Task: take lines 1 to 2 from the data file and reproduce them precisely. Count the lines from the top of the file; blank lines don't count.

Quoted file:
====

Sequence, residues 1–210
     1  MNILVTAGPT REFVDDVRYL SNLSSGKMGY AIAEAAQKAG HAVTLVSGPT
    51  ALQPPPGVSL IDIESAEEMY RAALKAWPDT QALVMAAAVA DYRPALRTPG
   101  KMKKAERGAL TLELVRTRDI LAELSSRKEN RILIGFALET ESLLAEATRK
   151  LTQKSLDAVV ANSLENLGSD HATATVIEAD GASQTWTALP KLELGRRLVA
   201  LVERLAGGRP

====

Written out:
Sequence, residues 1–210
     1  MNILVTAGPT REFVDDVRYL SNLSSGKMGY AIAEAAQKAG HAVTLVSGPT